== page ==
Located near the city hall and Boston college campus is an area referred to as "Heartbreak Hill". Heartbreak Hill was given its nickname because it is the last of the "hills" in the Boston Marathon and the site of a moment captured between two famous ethnic marathoners in 1936. Johnny Kelley and Ellison “Tarzan” Brown were in a race for the finish line now commemorated by the nickname Heartbreak Hill.
Backstory and Context
Ellison “Tarzan” Brown was a Narragansett Native American of Rhode Island who was given the nickname Tarzan for his athletic build and love of climbing trees. Famous for being a two time Boston Marathon winner, he also competed in the 1936 Olympics. His tribal heritage included being an ancestor of royal family of the Narragansett tribe, his tribal name was Deerfoot because of his athletic abilities.
Johnny Kelley was a marathoner who still holds the records for the most Boston Marathon completed at 58. Kelley also competed in the 1936 Olympics on the American team with Tarzan Brown and again at the age of 42 in the 1948 Olympics. Kelley was name the “Runner of the Century” by Runner’s World Magazine in 2000.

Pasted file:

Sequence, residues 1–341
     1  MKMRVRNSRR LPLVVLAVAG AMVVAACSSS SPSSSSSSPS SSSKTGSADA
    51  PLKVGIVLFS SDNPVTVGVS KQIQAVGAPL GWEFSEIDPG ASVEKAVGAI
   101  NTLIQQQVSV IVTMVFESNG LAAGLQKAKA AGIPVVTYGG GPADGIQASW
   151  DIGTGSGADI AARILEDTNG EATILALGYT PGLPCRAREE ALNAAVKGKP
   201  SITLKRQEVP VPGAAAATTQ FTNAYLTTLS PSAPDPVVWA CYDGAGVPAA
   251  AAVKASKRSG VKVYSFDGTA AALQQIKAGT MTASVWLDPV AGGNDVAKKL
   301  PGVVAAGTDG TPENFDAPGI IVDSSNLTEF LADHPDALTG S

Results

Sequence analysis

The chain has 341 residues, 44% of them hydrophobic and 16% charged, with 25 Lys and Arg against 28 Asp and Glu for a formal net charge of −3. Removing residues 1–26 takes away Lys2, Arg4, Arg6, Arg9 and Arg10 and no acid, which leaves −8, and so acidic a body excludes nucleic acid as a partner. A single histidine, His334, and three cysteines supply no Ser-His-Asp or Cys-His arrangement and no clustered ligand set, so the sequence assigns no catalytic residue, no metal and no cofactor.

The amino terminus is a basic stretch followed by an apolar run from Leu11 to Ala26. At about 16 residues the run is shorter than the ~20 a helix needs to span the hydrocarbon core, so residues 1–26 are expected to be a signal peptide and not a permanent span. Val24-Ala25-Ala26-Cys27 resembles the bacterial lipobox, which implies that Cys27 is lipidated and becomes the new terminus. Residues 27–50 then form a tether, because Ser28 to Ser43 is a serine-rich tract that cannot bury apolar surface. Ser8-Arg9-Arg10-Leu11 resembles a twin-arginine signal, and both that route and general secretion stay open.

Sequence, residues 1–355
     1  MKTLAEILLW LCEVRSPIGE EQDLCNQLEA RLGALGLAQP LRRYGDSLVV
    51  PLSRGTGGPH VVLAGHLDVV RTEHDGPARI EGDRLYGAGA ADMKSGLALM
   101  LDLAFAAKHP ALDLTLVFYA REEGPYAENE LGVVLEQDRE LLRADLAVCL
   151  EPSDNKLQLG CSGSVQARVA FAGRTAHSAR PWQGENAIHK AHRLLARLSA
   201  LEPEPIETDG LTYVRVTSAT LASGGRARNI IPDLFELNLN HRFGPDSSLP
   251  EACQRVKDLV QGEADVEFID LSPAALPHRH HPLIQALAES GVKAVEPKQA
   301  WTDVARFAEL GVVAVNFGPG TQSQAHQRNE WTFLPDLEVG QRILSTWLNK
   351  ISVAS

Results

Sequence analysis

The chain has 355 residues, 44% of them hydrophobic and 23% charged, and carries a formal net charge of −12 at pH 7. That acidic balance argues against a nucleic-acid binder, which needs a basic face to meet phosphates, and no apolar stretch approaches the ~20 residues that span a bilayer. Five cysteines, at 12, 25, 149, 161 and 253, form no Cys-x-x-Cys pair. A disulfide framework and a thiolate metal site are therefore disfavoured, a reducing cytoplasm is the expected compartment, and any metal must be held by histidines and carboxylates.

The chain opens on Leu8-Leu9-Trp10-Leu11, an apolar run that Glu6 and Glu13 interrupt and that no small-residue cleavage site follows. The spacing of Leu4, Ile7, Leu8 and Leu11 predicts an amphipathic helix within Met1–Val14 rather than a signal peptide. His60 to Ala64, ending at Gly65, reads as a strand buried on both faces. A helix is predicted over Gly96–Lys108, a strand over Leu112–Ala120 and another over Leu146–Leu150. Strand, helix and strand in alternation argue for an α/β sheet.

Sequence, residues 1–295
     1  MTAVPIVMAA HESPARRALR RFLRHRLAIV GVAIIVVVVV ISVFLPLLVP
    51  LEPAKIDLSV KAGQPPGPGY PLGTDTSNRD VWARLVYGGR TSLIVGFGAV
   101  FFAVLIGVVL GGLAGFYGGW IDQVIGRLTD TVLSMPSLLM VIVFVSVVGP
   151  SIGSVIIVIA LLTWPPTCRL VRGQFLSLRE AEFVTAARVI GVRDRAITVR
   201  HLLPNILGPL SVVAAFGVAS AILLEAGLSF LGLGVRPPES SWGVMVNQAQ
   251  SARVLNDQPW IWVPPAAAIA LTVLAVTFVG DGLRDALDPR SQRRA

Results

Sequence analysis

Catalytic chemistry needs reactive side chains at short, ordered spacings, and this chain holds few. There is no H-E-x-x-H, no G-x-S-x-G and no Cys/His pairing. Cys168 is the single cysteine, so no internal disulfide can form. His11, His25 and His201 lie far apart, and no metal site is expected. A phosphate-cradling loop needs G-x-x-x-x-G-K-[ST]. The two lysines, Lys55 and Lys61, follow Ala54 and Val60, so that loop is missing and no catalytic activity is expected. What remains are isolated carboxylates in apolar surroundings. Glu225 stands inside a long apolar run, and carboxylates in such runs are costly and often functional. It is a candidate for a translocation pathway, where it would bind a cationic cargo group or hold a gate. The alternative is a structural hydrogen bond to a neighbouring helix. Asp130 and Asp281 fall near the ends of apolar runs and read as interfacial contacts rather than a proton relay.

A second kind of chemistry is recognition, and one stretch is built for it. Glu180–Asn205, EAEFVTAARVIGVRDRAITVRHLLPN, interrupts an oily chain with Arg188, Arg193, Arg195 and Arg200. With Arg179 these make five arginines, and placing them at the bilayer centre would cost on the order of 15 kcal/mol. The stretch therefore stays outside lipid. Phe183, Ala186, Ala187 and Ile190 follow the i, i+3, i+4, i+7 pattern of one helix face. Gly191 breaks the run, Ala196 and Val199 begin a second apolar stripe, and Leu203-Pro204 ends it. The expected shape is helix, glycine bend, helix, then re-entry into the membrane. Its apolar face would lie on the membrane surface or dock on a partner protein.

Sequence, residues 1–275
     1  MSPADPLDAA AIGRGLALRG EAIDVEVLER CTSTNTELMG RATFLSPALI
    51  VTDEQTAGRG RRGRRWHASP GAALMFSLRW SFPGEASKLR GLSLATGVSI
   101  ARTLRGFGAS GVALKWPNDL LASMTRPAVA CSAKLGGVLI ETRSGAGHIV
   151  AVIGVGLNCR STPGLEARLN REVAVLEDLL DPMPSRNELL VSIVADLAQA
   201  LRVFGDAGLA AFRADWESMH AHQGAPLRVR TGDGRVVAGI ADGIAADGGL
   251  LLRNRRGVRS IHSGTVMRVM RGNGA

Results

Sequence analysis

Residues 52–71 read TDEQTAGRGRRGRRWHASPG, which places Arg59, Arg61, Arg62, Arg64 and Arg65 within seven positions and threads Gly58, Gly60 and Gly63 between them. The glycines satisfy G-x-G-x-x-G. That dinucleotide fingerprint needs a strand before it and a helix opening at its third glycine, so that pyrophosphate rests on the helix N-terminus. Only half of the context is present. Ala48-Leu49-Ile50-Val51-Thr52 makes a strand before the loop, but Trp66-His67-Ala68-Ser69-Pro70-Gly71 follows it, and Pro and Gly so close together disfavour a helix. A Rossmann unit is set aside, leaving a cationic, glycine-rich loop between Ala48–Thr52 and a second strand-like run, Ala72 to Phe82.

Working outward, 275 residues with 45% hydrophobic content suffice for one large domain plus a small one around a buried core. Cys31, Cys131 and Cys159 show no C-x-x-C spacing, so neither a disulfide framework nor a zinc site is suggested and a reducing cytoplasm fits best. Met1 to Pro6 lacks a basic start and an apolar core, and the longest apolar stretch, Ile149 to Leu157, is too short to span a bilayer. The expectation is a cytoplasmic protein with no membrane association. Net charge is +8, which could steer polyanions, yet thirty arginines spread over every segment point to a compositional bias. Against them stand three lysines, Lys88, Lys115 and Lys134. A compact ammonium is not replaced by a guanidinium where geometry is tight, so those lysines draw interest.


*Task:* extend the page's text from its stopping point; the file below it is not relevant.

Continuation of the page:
At the base of the hill in Newton, is a statue of Johnny Kelley, called the Young at Heart statue. This is the hill that during the 1936 marathon, Johnny Kelley was behind and had caught up to Tarzan Brown. When he caught Brown he patted him on the back as he passed by. Brown, renewed by the conciliatory gesture, rallied to drive past Kelley. This resulted in “Kelley’s heartbreak” hence the nickname Heartbreak Hill. Kelley had been the winner of the 1935 Boston Marathon only to have the heartbreaking loss to Tarzan Brown in the 1936 race.